The high from heroin will decrease with continued use as the user becomes increasingly tolerant of the drug. The onset of tolerance frequently promotes the ingestion of greater and greater amounts, which can easily result in overdose.


Side Effects of Heroin Use

As people use heroin over time, the pleasurable short-term effects of the drug become overshadowed by numerous unwanted physiological and psychological side effects. Frequently, this occurs because the body adapts to the heroin in the system and takes action to counterbalance the effects. The side effects of heroin use include:

  • Nausea and vomiting.
  • Grogginess.
  • Confusion.
  • Dry mouth.
  • Itchy skin.
  • Miotic or constricted pupils.
  • Light sensitivity.
  • Lower than normal body temperature.
  • Slowed respiration.
  • Slowed heart rate.
  • Cyanotic (bluish) hands, feet, lips, etc.

The risk of death from overdose is a concern for people using heroin in the short and long term because dosing is impossible to measure due to variations in purity. Essentially, it’s never a safe time to use heroin—first-time users overdose; veteran users overdose.

Many of the complications and side effects of heroin are compounded by using other substances alongside it—especially those that depress the body, such as alcohol and sedatives. The combined effects can lead to dangerously slow breathing, lack of oxygen to the brain, heart problems, coma, and death.

Long-Term Effects of Heroin Use

There is a wide range of effects caused by long-term heroin use. People who use heroin for long periods of time may experience:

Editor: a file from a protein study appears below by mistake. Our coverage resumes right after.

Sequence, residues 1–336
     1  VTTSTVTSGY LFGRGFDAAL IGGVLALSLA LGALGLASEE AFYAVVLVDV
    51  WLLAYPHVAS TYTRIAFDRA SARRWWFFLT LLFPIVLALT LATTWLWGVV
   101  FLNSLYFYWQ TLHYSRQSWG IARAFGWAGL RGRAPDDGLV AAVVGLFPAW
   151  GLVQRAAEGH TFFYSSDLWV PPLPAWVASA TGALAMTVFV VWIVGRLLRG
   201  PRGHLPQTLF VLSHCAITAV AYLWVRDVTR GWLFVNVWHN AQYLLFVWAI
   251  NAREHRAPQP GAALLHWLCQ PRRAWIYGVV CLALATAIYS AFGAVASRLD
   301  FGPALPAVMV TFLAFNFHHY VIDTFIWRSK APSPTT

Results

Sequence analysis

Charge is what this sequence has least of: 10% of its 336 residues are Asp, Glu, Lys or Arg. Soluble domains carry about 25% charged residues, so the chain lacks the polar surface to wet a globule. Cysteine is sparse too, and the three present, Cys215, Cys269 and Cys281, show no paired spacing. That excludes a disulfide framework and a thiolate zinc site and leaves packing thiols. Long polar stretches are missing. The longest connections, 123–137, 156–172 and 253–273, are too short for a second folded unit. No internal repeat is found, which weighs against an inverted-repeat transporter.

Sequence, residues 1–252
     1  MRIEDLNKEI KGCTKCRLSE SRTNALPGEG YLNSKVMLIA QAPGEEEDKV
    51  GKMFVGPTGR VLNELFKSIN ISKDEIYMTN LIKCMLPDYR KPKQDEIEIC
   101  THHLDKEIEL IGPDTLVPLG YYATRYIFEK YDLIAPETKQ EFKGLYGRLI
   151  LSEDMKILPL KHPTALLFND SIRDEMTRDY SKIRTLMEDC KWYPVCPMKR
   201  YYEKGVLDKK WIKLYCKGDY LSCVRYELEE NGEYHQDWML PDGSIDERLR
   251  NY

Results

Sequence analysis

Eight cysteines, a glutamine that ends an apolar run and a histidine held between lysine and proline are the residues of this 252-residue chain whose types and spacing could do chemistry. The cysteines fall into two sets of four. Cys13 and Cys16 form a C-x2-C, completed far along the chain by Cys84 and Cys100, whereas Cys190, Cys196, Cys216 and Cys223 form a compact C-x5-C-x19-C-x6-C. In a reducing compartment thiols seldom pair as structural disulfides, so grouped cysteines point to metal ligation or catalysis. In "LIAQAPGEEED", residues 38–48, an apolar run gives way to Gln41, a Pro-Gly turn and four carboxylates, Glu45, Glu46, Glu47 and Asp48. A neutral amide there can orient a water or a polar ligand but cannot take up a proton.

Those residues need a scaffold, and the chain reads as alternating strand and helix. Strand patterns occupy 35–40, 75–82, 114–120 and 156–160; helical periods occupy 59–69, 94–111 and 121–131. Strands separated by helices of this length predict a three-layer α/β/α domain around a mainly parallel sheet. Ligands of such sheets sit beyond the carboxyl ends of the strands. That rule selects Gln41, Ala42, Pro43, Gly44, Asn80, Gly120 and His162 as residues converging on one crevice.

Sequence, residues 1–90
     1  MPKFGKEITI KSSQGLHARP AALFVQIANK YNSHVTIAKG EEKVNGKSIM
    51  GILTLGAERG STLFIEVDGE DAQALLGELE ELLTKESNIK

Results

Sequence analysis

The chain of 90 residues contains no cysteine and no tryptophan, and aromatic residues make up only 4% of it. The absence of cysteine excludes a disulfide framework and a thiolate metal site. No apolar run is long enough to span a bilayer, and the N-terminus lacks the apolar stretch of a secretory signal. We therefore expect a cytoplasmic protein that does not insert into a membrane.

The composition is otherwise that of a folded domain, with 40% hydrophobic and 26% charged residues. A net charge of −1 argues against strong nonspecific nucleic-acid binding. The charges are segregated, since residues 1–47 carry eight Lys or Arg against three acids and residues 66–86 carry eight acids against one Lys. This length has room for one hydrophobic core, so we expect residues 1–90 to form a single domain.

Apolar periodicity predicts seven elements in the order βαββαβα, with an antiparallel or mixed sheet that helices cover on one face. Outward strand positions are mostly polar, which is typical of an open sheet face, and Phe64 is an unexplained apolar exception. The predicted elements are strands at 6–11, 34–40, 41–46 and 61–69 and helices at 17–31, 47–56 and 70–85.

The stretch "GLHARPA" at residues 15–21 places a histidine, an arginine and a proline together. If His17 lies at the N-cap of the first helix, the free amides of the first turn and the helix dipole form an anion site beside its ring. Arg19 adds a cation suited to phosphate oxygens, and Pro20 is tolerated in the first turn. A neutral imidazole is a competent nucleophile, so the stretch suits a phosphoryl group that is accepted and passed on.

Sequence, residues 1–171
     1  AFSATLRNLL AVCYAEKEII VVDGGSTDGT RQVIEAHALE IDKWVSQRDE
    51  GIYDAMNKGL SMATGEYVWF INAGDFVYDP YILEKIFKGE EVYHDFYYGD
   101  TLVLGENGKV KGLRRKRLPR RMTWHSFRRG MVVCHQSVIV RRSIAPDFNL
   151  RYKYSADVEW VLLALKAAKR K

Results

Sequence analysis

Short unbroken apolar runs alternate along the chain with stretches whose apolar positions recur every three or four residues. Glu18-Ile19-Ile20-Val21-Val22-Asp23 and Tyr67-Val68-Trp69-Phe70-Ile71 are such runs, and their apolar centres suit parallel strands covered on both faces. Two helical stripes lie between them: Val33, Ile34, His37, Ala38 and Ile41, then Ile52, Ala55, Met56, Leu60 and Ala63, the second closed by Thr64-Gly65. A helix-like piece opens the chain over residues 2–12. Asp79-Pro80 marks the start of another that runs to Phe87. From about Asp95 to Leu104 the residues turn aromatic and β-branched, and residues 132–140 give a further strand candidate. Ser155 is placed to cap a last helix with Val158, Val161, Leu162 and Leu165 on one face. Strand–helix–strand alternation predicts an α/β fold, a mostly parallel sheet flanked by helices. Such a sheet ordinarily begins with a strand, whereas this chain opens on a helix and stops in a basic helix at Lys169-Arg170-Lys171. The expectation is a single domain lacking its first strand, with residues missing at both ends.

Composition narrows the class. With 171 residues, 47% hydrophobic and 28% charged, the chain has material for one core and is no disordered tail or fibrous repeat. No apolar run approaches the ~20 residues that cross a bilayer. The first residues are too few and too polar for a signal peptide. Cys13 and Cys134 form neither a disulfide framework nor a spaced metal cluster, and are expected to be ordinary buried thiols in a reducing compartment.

• Deteriorated dental health—marked by damaged teeth and gum swelling.
  • Excoriated skin from scratching.
  • Severe constipation.
  • Increased susceptibility to disease from a diminished immune system.
  • Weakness and sedation.
  • Poor appetite and malnutrition.
  • Sleeping problems.
  • Decrease in sexual functioning.

Some of the greatest risks of long-term heroin use are irreversible liver and kidney problems from damage or infectious diseases. The brain can also be adversely affected due a to lack of oxygen.

People using heroin frequently must contend with problems caused by abscesses, bacterial infections, and infections of the heart valves. Pregnant women who use heroin are at risk of miscarriage and place their children at risk of communicable disease, as well as of being addicted to the drug from birth.

Additionally, someone addicted to heroin will likely experience numerous personal consequences, such as financial issues, relationship turmoil, school or employment troubles, and legal penalties.

Heroin Dependence